EPRUMA disappointed at ENVI Committee’s rejection of science and lack of regard for animal health and welfare

Brussels, 14 June 2022: EPRUMA was disappointed to see members of the European Parliament’s ENVI Committee reject the scientific assessment of the European agencies.

In a misguided bid to protect the use of antibiotics for human use and stem the tide of antimicrobial resistance development, a group of ENVI MEPs approved on 14 June an Objection to the Commission Implementing Act designating antimicrobials reserved for humans. The draft Implementing Act, which was published in April this year, follows the robust scientific advice of the European Medicines Agency and is fully compatible with the aim and content of the Delegated Act establishing the criteria for designating reserve antimicrobials as approved by the European Parliament plenary in October 2021.

Overlooking the fact that this Act goes together with a stringent set of legal provisions to fight AMR in the new regulation on veterinary medicines, misinterpreting the WHO recommendations*, and sticking to outdated beliefs about misuse of antibiotics in the animal sector, this objection once again highlights the disregard for EU scientific advice by a number of MEPs in the ENVI Committee. It also brings to light serious concerns as to whether the objection is fully understood by supporting MEPs, as it is incomprehensible as to what scientific reasoning could support off-label use of human antimicrobials instead of the authorised veterinary products, which are developed especially for distinct animal species with the necessary controls for public health and food safety.

EPRUMA reiterates these concerns before the objection is taken to plenary next week (23 June). Calling to revise previously agreed decisions by the European Parliament will only serve to postpone measures on addressing AMR further. We also recall that massive efforts have been made by the animal sector over the last decade which has seen a reduction of sales of antibiotics on the animal side of over 43% on average since 2011, with continued reductions in the use of high priority antimicrobials.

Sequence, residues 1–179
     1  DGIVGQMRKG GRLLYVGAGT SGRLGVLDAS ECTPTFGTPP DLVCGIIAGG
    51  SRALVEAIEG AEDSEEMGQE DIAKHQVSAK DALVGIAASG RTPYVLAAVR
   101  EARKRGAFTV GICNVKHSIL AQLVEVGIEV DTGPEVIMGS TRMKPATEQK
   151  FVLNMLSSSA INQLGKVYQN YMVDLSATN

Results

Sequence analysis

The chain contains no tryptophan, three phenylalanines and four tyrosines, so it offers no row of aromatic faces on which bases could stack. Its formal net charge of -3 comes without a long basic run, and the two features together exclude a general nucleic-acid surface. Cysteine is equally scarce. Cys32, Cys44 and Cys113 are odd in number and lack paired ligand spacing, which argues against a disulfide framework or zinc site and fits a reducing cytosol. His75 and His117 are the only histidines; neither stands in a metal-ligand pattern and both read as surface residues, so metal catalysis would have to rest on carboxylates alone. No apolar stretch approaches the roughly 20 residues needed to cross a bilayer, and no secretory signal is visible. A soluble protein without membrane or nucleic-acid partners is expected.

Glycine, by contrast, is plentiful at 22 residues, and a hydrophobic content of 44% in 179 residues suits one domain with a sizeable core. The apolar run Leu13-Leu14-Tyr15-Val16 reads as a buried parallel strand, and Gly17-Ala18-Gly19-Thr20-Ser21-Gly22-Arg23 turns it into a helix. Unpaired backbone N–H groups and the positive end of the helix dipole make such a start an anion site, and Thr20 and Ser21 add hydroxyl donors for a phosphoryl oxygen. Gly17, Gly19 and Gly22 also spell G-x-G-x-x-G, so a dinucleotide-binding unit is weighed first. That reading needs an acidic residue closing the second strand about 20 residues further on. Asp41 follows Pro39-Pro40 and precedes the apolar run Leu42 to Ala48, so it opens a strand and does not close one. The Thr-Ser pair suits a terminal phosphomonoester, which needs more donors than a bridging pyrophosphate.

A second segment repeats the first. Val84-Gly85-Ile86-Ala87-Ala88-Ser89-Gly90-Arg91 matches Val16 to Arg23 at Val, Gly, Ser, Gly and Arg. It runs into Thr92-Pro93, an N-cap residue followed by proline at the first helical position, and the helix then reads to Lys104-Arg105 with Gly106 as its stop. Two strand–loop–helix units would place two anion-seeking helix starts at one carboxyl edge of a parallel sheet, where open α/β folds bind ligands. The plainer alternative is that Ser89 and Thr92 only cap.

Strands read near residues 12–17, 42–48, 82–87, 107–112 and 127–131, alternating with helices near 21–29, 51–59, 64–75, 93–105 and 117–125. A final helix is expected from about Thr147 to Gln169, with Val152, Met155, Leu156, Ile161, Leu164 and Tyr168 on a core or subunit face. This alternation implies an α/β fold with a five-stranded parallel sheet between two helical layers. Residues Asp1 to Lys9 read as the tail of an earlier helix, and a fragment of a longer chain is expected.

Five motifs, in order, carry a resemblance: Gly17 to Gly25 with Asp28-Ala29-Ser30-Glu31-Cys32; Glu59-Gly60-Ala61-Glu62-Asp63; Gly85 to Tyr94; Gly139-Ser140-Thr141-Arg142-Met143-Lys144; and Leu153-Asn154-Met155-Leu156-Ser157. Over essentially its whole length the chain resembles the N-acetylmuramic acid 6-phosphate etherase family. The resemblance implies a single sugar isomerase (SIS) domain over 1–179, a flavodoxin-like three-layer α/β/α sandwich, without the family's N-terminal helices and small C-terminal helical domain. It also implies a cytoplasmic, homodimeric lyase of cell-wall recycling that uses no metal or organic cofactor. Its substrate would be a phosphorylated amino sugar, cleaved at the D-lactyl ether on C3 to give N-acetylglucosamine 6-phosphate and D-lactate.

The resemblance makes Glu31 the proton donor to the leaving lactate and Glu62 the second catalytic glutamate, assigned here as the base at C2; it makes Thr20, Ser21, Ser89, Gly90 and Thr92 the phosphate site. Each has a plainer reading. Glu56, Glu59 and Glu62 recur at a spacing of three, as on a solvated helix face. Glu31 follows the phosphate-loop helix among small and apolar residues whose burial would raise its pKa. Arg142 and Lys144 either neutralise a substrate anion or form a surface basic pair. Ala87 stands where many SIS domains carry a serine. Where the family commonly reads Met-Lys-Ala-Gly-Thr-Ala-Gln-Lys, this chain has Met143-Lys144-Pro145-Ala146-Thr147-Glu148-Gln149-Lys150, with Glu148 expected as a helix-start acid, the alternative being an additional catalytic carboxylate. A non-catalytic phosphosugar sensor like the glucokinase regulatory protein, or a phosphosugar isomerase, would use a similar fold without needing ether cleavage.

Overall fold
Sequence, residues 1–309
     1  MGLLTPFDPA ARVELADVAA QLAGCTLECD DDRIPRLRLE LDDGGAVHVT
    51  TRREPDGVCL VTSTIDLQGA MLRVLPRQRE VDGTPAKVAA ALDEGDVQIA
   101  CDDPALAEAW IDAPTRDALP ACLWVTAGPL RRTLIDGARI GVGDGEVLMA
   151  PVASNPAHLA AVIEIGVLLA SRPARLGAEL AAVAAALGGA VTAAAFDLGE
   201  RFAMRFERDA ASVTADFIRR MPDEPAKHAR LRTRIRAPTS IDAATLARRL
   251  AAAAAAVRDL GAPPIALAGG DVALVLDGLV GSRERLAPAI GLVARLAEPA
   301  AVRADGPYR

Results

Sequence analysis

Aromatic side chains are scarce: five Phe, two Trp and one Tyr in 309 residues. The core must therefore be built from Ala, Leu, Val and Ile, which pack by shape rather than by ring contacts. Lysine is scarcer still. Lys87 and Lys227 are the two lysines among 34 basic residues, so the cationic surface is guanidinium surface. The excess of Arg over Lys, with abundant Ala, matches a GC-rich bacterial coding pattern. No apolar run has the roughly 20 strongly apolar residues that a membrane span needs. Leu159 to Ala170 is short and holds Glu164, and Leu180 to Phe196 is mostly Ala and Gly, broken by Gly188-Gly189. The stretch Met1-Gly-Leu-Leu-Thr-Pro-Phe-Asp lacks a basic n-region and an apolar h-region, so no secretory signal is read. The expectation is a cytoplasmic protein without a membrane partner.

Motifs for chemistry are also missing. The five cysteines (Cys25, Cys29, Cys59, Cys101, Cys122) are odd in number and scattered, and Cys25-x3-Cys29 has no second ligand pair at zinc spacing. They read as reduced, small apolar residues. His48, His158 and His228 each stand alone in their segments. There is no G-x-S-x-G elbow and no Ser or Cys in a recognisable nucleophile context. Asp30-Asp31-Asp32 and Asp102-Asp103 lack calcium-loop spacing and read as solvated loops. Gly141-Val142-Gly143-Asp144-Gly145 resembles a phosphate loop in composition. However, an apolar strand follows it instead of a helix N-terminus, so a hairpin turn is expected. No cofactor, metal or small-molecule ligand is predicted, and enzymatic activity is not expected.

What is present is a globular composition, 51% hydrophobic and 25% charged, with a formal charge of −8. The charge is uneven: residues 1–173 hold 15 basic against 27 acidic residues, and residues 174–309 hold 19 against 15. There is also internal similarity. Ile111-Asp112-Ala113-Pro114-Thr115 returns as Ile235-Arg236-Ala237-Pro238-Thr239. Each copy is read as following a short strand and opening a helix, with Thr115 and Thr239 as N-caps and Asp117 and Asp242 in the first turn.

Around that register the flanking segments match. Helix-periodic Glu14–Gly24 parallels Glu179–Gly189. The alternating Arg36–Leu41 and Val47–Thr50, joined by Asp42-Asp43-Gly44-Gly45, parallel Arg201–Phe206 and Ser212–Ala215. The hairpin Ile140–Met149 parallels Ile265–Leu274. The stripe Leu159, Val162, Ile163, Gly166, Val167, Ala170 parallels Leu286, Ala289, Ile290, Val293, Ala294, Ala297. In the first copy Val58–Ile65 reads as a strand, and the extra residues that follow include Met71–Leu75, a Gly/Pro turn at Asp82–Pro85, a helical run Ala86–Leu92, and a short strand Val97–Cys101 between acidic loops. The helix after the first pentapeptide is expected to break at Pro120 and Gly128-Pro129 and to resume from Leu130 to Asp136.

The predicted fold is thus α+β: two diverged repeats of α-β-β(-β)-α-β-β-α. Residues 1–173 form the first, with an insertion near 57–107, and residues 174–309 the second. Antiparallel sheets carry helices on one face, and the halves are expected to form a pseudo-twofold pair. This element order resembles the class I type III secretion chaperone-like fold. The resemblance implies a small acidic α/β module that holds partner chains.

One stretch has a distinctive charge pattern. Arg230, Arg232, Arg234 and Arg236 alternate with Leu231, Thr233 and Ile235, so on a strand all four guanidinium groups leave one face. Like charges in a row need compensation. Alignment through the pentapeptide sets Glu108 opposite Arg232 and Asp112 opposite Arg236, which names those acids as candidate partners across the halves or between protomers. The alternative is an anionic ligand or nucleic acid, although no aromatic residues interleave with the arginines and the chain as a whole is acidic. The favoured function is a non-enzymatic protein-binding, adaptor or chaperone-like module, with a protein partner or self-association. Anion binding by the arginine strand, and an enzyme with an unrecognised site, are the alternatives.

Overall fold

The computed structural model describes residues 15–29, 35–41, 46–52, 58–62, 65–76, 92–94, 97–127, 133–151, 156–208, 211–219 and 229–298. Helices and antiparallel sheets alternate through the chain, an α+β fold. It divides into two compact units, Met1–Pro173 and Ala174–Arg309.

EPRUMA remains committed to further promoting the responsible use of antibiotics, as part of the veterinarians’ toolbox, and to fighting antimicrobial resistance through a One Health approach that looks to the equal protection of human, animal and environmental health.

* The WHO acknowledges that animal health should be considered before applying controls, and recommends the list set out by the World Organisation for Animal Health (WOAH, founded as OIE) is to be given equal consideration. 

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Contact:  EPRUMA secretariat – info@epruma.eu

Notes for editors:

EPRUMA is a multi-stakeholder platform linking best practice with animal health and public health. It aims to ensure best practice through responsible use of medicines in the prevention and control of animal diseases.

EPRUMA partners:

  • Access VetMed: European Group for Generic Veterinary Products
  • AnimalhealthEurope: The voice of the animal medicines industry
  • COPA-COGECA: European Farmers and Agri-Cooperatives
  • Diagnostics for Animals
  • FECAVA: Federation of European Companion Animal Veterinary Associations
  • FEFAC: European Feed Manufacturers Federation
  • FESASS: European Federation for Animal Health and Sanitary Security
  • FVE: Federation of Veterinarians of Europe

Associate partners (National Responsible Use platforms):

  • AMCRA: Centre for Expertise on Antimicrobial Consumption and Resistance in Animals (Belgium)
  • RUMA: Responsible Use of Medicines in Agriculture Alliance (United Kingdom)
  • RUMA Companion Animal and Equine (United Kingdom)
  • SDa: Veterinary Medicines Institute (The Netherlands)
  • VETRESPONSABLE: Platform for the Responsible Use of Medicines in Animals (Spain)